India and Regional Cooperation Economic Partnership (RCEP): Challenges and Prospects

03 Sep, 2013    ·   4107

Vignesh Ram recommends reasonable cooperation and compromise between India, China and Japan for the success of the RCEP

In the aftermath of the Asian Financial Crisis of 1997, regional economies devised various mechanisms including the enhancement of mutual cooperation and understanding amongst themselves to avoid any similar problems in the future. In the years to come, the ASEAN grouping – one of the worst hit by the crisis - developed various agreements between the grouping and its dialogue partners. The formation of groupings such as ASEAN+3 and the other ‘ASEAN +’ meetings among its major summit level partners including India have been important moves. One of the recent efforts which has been spearheaded by ASEAN, the Regional Cooperation Economic Partnership (RCEP), is testimony to the fact that economic matters still remain crucial to vibrancy of Asia. 

The economic revival of Asia has brought with it increasing interactions among Asian countries including growing ties in trade and commerce. This is evident from the increasing Free Trade Agreements (FTAs) between various countries in the region giving rise to what is commonly known by analysts as the Asian ‘noodle bowl’. The move to initiate discussions on the Regional Comprehensive Economic Partnership (RCEP) and include the ‘ASEAN+6’ framework to do so, has resulted in the one of the largest free trade areas in the world. There are a number of benefits from such an arrangement. The RCEP will be able to eliminate confusing and a large number of trade rules under various bilateral agreements among states, fusing them into one large region-wide agreement. More importantly, the agreement will bring three of Asia’s largest economies - Japan, China and India - within one agreement. The RCEP agreement will also be beneficial by encouraging more trade amongst Asian countries as there is large inequality between different states in the region in terms of development.

India has been a keen player interested in the success of the agreement. India started to take a keen interest in the region after the initiation of the Look East Policy in the early 1990’s. The steady growth and the elevation of the India-ASEAN partnership to a strategic partnership in 2012 coupled with the rising tensions in the South China Sea have prompted countries such as Vietnam to look for a more viable role for India in the region. Though India’s strategic stakes are increasing in the region, its economic performance remains less when compared to China. Though, India-ASEAN trade figures surpassed the USD 70 billion target of 2012, it remains far behind China’s figure, which is five times more. In spite of increasing tensions in its neighbourhood, China remains deeply entrenched in ASEAN through various forums such as ASEAN+ 3, ASEAN +6 and ASEAN+1. Hence, unless India substantially increases its relations with the region in economic terms, China will continue to play a more dominant role. The RCEP benefits India in increasing this much needed economic presence in the region.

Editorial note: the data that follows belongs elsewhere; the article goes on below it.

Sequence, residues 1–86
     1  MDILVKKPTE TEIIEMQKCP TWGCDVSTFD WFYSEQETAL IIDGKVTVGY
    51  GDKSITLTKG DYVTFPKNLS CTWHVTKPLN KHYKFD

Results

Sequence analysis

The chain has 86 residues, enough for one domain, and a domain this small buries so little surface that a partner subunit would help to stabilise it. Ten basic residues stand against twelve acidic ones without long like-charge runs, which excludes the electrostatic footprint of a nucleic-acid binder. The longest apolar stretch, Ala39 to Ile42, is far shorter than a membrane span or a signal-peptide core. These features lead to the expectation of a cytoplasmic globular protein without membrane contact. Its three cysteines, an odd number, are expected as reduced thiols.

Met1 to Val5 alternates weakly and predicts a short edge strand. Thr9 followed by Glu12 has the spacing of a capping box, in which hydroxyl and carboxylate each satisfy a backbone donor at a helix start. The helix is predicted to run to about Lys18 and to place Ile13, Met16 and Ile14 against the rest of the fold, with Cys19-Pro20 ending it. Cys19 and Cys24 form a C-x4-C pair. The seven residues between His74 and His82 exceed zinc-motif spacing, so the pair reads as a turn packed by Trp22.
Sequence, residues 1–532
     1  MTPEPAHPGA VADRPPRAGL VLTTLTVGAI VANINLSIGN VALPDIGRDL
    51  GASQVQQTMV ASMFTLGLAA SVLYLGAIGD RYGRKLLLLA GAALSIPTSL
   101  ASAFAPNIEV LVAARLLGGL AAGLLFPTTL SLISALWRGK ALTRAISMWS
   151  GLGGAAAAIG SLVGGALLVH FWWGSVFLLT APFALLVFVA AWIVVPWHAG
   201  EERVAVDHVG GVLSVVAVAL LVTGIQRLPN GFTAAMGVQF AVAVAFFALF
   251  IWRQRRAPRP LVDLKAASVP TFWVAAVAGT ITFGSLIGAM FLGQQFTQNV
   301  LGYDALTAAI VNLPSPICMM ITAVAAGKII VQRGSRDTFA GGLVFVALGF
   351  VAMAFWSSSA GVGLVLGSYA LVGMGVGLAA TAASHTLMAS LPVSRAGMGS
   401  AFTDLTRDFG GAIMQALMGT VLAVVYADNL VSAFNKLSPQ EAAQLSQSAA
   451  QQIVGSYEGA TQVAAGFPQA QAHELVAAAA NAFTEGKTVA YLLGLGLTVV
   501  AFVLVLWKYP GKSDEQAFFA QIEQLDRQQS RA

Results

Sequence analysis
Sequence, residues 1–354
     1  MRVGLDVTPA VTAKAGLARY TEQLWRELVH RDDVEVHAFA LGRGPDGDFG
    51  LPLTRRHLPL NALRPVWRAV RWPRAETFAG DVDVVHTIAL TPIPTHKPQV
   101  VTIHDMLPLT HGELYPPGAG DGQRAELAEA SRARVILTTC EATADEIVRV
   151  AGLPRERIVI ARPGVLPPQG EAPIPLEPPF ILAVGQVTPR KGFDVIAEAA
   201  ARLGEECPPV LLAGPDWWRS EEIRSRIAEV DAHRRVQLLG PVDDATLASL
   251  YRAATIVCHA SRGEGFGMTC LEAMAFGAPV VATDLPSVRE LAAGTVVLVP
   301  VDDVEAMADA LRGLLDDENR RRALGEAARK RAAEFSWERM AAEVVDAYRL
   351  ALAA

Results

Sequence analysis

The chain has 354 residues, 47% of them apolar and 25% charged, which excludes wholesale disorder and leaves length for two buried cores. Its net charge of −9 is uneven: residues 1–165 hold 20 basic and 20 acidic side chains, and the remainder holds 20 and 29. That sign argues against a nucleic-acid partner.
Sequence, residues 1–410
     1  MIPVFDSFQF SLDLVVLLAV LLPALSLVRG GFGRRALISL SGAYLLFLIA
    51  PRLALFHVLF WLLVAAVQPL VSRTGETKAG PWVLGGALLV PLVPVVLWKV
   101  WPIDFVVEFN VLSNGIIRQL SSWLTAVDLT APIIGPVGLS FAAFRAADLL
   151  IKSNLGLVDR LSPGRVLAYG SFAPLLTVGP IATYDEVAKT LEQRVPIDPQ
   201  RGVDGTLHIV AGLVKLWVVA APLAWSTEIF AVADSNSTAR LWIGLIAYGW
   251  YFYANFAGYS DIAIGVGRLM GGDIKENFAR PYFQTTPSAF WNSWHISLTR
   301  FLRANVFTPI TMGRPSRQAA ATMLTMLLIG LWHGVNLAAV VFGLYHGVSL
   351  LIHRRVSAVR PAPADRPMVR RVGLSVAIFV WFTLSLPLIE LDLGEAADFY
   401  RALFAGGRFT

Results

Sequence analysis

There would be a number of challenges that India would have to consider when negotiating. Indeed the negotiations on India’s part would need, in the words of Minister for Commerce and Industry Anand Sharma, “a lot of immense effort, cooperation and compromise among the participants to arrive at a mutually satisfactory outcome which addresses the concerns of all the participants.” Internally, there would be a need to allay fears and create adequate provisions for groups that could potentially be affected by such a large scale regional agreement. It would be notable to review India’s difficulties in concluding the FTA with ASEAN and the challenges that were faced. India would have to take greater steps to decrease tariffs further and negotiate from a position of strength as it has a lot to gain in terms of trade in goods and a lot to offer especially in terms of services.

India would have a lot to do to successfully implement the agreement. The biggest part of the negotiations would be to reach an understanding on the terms of agreement with China, with which, as highlighted, India has a huge trade deficit. In an optimistic mood, on the side lines of the meeting recently concluded in Brunei, Anand Sharma urged his Chinese counterpart to consider measures to allow sectors such as IT and pharmaceuticals into China by which the deficit could be bridged. India would also need to increase its connectivity with the region which could also potentially expand India’s interests in the region. There would be a lot of strategic calculations to be considered as the agreement would prompt the need for renewed engagement among the regional powers. Hence, for maintaining the centrality of ASEAN, which relies on a viable balance of power among its major players, viable and reasonable cooperation and compromise is needed, especially among India, China and Japan so that the RCEP can contribute to the peaceful and prosperous growth of the region.